One myth that exists about the sun is that it emits the optimal wavelengths and intensities in the color spectrum that a plant needs to thrive. The reality is the sun is actually pretty inefficient for plant growth but its free and there's a lot of it. Here's a small excerpt from wikipedia which explains the how plants use the suns energy.
"The following is a breakdown of the energetics of the photosynthesis process from Photosynthesis by Hall and Rao:
Starting with the solar spectrum falling on a leaf,
47% lost due to photons outside the 400–700 nm active range (chlorophyll utilizes photons between 400 and 700 nm, extracting the energy of one 700 nm photon from each one)
30% of the in-band photons are lost due to incomplete absorption or photons hitting components other than chloroplasts
24% of the absorbed photon energy is lost due to degrading short wavelength photons to the 700 nm energy level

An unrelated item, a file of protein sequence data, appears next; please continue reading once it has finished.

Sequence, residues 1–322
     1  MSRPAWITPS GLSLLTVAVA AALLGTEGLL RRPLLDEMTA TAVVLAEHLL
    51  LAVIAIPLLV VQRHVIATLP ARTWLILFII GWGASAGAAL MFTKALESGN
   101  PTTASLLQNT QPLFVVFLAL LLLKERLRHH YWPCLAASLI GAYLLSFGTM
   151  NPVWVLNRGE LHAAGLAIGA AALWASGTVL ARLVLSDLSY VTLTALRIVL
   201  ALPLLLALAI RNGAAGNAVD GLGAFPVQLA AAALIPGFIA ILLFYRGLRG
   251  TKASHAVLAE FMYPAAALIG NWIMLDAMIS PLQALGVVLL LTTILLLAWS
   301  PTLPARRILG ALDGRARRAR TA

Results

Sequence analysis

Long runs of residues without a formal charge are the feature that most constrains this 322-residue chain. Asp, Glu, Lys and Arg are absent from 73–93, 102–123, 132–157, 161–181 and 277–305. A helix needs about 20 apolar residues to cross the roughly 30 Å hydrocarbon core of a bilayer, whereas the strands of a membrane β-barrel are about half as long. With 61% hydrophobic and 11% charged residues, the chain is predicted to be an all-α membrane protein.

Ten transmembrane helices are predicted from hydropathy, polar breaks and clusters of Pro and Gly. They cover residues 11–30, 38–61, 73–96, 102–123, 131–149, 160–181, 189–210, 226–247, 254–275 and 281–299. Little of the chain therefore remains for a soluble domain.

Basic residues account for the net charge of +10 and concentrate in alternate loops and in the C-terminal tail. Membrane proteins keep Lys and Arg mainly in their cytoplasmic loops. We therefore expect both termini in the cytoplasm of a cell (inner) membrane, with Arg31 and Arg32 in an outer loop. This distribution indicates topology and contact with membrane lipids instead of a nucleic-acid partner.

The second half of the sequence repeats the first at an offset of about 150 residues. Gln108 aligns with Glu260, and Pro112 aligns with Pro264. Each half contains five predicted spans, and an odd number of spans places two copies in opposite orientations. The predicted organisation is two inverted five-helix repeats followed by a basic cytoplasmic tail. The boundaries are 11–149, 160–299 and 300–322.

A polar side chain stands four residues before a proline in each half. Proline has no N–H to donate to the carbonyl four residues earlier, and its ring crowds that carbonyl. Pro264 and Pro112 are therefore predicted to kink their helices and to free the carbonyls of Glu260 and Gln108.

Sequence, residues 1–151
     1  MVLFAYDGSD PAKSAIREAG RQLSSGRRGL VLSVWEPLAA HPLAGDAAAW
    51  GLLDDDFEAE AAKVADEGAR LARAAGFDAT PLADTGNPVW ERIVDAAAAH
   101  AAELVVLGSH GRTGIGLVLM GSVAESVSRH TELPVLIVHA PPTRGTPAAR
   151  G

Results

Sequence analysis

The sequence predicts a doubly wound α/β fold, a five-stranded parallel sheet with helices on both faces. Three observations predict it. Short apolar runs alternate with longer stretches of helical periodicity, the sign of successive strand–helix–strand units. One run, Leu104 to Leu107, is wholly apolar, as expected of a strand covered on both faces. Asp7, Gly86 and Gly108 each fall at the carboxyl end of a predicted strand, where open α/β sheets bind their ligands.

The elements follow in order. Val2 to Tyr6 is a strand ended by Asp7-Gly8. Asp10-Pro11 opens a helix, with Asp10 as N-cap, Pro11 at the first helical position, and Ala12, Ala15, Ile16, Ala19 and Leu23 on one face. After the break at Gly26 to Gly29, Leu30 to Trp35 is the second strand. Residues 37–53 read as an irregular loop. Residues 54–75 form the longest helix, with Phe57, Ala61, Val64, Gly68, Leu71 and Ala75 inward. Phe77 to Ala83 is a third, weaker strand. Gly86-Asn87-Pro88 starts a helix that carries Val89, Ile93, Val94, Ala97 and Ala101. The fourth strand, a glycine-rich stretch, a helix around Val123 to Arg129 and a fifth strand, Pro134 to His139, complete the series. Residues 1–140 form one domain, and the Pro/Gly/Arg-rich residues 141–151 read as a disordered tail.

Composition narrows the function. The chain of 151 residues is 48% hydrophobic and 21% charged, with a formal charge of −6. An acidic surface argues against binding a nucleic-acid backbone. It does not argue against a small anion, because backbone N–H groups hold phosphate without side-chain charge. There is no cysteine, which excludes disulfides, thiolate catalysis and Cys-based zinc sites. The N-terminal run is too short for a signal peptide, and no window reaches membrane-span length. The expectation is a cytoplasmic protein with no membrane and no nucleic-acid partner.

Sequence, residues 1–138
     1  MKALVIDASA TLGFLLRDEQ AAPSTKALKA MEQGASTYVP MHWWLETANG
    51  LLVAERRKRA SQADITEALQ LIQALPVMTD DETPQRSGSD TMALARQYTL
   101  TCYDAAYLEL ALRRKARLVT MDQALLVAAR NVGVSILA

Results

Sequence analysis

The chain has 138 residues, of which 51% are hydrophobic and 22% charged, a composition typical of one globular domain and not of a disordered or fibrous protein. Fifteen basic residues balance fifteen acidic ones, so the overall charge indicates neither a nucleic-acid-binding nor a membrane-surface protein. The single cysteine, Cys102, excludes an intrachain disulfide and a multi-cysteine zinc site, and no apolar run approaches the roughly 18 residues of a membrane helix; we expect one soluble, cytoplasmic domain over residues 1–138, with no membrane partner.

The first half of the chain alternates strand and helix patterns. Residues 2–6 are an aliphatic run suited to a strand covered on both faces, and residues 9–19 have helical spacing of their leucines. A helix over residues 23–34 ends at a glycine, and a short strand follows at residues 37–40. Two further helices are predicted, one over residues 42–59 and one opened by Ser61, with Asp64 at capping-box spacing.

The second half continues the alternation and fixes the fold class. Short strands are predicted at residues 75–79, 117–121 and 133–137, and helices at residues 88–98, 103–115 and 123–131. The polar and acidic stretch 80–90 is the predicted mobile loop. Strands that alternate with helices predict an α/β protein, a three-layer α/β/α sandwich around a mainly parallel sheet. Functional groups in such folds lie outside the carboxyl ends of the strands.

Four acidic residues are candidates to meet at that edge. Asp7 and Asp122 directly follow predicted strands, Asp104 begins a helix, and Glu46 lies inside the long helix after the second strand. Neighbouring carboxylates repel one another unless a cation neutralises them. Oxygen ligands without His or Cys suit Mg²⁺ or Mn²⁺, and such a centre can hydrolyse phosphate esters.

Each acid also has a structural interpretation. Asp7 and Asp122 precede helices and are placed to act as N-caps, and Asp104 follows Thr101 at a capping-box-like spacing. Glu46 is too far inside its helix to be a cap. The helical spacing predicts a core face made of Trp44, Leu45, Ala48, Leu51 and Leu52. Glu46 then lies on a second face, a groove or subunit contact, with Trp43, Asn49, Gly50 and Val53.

68% of the utilized energy is lost in conversion into d-glucose
35–45% of the glucose is consumed by the leaf in the processes of dark and photo respiration
Stated another way:
100% sunlight → non-bioavailable photons waste is 47%, leaving
53% (in the 400–700 nm range) → 30% of photons are lost due to incomplete absorption, leaving
37% (absorbed photon energy) → 24% is lost due to wavelength-mismatch degradation to 700 nm energy, leaving
28.2% (sunlight energy collected by chlorophyll) → 32% efficient conversion of ATP and NADPH to d-glucose, leaving
9% (collected as sugar) → 35–40% of sugar is recycled/consumed by the leaf in dark and photo-respiration, leaving
5.4% net leaf efficiency.
Many plants lose much of the remaining energy on growing roots. Most crop plants store ~0.25% to 0.5% of the sunlight in the product (corn kernels, potato starch, etc.)."